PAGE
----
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'Spheres of influence': Simeon's trust and its implications for evangelical patronage



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Balda, Wesley 


Parish patronage, as the prerogative of the wealthy and influential, caused eighteenth-century evangelical clergymen to experience continued difficulty in obtaining parochial spheres of ministry. John Thornton (1720-90) provided a model of a contemporary solution for evangelicals by purchasing several next-presentations, and by gathering nine advowsons into a reversionary testamentary trust. Charles Simeon's assumptions and patronage efforts, though linked by some to Thornton, represented a profound change in motive, scope, and ultimate intent, and were unprecedented in the historical record of patronage practice. Simeon developed a high regard for the parish as a 'sphere of influence', serving first as one of John Thornton's trustees, and then purchasing advowsons himself. Following his death, Simeon's trustees extended the concept through new church-building within existing parishes and through related efforts at parochial decentralization and incumbent nominations. Quantitative implications of evangelical control of spheres of influence were discernible in the returns of the 1851 Census of Religious Worship. Evangelical Simeon trust parishes exhibited marked differences in several areas and indicated that religious features could supersede social and cultural factors in describing Anglican activity at the parish level. In the same era, a volatile situation arose with indictments of party factionalism directed at Simeon's trust, and this subsequently introduced the churchmanship issue. Simeon trust incumbents illustrated the phenomenon of evangelical civil religion as they responded to these ecclesiastical issues with arguments which were largely of a cultural and political nature, though specific charges of divisive low-churchman ship by opponents were generally unfounded or misdirected. Through an examination of publications and by investigating degrees of identification with moderate and extreme religious organisations movements, a preliminary churchmanship taxonomy was created as a research tool. Simeon trust incumbents and trustees, when assessed with this instrument, provide a contrast to modern stereotypes of Victorian evangelicalism. The consequences of evangelical patronage can be found in quantifiable religious impact within parishes, and in the emergence of a functional (and perhaps expedient) style of moderate churchmanship.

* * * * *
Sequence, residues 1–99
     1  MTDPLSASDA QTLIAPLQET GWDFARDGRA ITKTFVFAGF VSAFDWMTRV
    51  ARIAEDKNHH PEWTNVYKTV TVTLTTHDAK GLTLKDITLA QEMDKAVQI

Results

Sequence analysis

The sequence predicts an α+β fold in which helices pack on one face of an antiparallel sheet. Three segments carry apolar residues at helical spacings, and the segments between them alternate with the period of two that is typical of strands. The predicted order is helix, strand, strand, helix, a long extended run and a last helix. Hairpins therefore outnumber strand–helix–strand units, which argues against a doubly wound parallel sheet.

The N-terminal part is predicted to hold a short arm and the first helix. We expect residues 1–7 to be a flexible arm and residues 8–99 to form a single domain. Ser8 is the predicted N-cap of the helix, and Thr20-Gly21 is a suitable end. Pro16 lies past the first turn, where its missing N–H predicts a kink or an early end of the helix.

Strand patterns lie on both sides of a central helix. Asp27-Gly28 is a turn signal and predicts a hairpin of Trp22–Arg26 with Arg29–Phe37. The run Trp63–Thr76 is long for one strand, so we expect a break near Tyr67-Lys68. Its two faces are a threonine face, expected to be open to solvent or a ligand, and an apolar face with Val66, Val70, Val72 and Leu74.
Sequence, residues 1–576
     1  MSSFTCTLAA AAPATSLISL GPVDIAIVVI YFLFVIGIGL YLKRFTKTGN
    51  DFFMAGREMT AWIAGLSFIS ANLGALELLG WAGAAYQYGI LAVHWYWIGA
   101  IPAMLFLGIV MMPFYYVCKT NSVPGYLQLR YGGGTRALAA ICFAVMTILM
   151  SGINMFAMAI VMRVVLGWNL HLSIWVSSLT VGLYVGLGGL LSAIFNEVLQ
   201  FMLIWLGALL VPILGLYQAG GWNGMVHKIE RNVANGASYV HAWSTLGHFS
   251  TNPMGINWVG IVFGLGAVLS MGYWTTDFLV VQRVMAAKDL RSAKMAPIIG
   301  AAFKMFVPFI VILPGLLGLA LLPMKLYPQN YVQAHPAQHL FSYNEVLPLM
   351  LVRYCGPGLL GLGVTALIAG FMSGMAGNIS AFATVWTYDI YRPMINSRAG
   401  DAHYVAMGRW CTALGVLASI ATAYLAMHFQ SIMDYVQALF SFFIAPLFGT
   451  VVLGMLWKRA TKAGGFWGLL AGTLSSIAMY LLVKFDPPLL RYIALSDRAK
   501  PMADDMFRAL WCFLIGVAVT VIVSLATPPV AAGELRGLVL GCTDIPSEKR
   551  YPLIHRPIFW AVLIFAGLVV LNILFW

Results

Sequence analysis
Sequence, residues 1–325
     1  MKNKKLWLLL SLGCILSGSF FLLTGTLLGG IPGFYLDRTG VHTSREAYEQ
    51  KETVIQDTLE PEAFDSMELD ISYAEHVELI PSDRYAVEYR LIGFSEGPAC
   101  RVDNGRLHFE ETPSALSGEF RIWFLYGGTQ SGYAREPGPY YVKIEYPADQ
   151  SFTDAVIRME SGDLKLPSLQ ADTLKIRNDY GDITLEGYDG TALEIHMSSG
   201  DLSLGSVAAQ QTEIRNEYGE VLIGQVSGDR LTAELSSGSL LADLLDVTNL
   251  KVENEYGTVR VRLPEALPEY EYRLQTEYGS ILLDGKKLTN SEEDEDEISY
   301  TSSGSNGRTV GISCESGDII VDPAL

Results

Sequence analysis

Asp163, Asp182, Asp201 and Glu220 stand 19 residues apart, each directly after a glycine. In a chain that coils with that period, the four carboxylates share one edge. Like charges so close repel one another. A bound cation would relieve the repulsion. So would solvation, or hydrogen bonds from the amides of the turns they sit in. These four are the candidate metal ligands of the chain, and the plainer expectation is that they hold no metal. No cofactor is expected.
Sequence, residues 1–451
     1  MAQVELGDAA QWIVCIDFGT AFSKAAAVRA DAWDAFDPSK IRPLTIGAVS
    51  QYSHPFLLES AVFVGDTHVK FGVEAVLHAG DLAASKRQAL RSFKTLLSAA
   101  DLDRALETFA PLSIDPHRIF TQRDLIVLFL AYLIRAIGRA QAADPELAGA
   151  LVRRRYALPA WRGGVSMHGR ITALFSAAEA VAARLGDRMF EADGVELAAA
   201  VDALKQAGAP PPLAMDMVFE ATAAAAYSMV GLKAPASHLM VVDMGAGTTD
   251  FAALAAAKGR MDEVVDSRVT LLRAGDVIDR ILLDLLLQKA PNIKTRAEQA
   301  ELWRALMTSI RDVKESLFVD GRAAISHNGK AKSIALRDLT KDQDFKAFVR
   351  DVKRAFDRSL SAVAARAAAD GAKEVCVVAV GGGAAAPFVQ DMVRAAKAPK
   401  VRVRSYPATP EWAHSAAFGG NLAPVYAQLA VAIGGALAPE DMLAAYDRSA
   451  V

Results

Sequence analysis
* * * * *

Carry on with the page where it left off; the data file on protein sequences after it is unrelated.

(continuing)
Doctor of Philosophy (PhD)

Awarding Institution

University of Cambridge